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When Snow Turns to Rain: One Family's Struggle to Solve the Riddle of Autism Paperback – August, 1993
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From Library Journal
At the age of 18 months, Jordan was a precocious, verbal, active toddler. By age 312 he was withdrawn, mute, and unable to socialize with parents or peers. The diagnosis: delayed-onset autism. Schulze, Jordan's father, details this bizarre disability in diary style. He and his wife proudly recorded Jordan's early growth until they realized something was wrong. The particularly scary elements of this account include the parents' search for appropriate schooling and treatment; the decision to send Jordan to Japan for treatment; and the family's frequent moves and job absences. One wonders how less motivated parents could have coped and succeeded. The Schulzes, though despondent and weary, never give up hope: "We can deal with almost anything," Schulze claims. At book's end, Jordan is seven, mute, reclusive, and aggressive. This powerful tale of a little-known illness that has only recently received literary attention (e.g., Donna Williams's Nobody Nowhere , LJ 9/1/92; Judy Barron's There's a Boy in Here , LJ 2/1/92) is highly recommended.
- Linda Beck, Indian Valley P.L., Telford, Pa.
Copyright 1993 Reed Business Information, Inc.
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Top customer reviews
One scene that took my breath away is when the dad scolds his son while in the bathtub, causing him to cry. Autism can challenge your patience, even for the most loving and dedicated parent. My son is about the same age as the boy in this book, and yes, i can relate.
As I wrote, it's been 25 years or so since the events in this book. Mr. Schultze, if you are reading this, please let us know how Jordan is doing. I came to care about him during the reading of this book, and would like to know where the road took you all these years later.
God bless all of these parents and their children. The author took the time to tell a realistic story that many of us are too exhausted or overwhelmed to share. After years of introspection I can honestly say I would not change ANYTHING. My son is unique and he has gifts that are important to the world. My perception has changed over the years and my happy ending is every night when I tuck him safely to sleep. I have not given up on hope, I have just released what I thought were my hopes and began to accept and embrace the perfection that is him.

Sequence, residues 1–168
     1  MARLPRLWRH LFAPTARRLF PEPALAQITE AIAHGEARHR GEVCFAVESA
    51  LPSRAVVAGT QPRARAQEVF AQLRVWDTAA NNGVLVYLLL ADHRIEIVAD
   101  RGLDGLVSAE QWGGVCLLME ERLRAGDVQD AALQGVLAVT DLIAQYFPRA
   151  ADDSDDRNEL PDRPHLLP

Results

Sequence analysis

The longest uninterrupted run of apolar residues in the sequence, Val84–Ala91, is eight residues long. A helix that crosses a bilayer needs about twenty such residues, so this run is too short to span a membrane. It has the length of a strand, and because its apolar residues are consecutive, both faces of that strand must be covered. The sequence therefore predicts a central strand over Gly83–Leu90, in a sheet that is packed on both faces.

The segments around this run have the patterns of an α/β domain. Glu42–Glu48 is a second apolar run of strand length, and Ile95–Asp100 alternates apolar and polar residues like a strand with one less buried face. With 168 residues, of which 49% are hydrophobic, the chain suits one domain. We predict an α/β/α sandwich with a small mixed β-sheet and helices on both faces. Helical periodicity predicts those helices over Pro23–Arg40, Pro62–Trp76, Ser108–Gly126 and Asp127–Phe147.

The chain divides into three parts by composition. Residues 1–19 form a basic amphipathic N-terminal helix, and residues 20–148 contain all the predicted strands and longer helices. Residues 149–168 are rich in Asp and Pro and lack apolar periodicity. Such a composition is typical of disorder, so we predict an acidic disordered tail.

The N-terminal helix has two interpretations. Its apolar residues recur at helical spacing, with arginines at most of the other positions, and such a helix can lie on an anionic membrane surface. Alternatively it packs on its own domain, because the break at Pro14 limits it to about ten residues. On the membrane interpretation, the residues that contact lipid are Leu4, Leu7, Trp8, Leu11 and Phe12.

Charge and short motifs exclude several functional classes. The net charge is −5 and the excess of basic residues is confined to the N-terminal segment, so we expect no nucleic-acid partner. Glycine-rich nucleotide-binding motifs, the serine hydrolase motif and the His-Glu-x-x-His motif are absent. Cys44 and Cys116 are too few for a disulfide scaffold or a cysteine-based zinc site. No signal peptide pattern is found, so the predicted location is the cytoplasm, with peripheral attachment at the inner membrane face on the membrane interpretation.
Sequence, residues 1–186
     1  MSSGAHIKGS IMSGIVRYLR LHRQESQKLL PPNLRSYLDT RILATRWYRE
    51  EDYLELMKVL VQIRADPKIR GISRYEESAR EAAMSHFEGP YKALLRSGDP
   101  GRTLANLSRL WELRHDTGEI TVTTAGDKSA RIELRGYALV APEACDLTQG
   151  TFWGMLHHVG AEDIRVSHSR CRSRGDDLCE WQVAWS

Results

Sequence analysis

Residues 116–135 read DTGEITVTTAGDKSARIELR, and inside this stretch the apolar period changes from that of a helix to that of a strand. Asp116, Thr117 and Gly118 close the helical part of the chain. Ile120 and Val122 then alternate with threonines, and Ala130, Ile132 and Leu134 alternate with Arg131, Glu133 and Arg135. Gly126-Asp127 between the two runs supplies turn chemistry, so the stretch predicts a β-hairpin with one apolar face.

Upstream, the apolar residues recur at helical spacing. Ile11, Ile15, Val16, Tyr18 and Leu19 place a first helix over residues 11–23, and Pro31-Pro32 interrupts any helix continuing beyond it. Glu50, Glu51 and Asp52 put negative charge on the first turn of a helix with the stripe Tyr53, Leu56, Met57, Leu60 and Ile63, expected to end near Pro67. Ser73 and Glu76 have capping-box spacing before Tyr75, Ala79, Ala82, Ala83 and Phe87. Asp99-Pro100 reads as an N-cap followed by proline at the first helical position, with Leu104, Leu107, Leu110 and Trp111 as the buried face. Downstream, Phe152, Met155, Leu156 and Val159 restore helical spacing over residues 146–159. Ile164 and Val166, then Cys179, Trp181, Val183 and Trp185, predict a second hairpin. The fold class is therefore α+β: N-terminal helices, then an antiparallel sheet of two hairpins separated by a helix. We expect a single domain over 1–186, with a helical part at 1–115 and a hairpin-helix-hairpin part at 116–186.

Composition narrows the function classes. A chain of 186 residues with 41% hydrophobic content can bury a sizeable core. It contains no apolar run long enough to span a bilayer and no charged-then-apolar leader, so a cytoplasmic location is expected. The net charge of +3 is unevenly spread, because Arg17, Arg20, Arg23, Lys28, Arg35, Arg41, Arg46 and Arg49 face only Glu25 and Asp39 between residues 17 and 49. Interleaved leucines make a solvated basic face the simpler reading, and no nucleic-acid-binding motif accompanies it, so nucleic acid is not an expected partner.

This slim, power-packed book follows Jordan's development alongside that of his sister Leslie, who was born in 1985. The Jill and Craig Schulze desperately seek a cure at best and acceptance into a good program at worst for Jordan. Their efforts lead them to Japan, where in 1986 Jordan was enrolled in the Higashi School. The school is well-known for the work done with children with autism. Jordan spends 2 years there before being enrolled in the school's Boston branch. The Schultzes in effect have separated in that Jill remains in their original home with Leslie and Craig and Jordan live in Boston so Jordan can attend the school.
This, like the Josh Greenfeld "Noah" trilogy and his son Karl Greenfeld's masterpiece "Boy Alone" is wonderfully brutally honest. You don't get sacrificial martyrs who are portrayed as being above feeling hurt, angry, sorrowful and despairing. You don't get a false account of a fantasy image being presened through rose colored glasses. Instead you get in your face reality, a book everyone can relate to. You get the real deal.
"Listen to the rhythm of the falling rain
Telling me just what a fool I've been." -- Cascades, 1963
These lyrics from "Listen to the Rhythm of the Falling Rain" sums up how many people feel when they run across these noble, self-sacrificing, seeking plaudits for martyrdom accounts, such as the Killilea books about Karen. It is neither foolish nor wrong to admit to being human and not superhuman. Nobody can rise above all negative feelings and be able to handle everything in a laudable way. Books like Schulze's are vital as they not only validate the experience of families struggling with autism; they are books that provide a voice of comfort to those who can readily recognize and identify with the feelings and experiences.
Jordan, now a grown man still copes with having severe autism. Readers can check in with him in an "addendum" or update in When Autism Strikes"When Autism Strikes: Families Cope with Childhood Disintegrative Disorder" edited by Robert A. Catalano.
In addition to the "Noah" trilogy and Karl Greenfeld's book, you will also want to read All I Can Handle: I'm No Mother Teresa: A Life Raising Three Daughters with Autism [Hardcover] and Shut Up About...Your Perfect Kid! (Shut Up About. . .).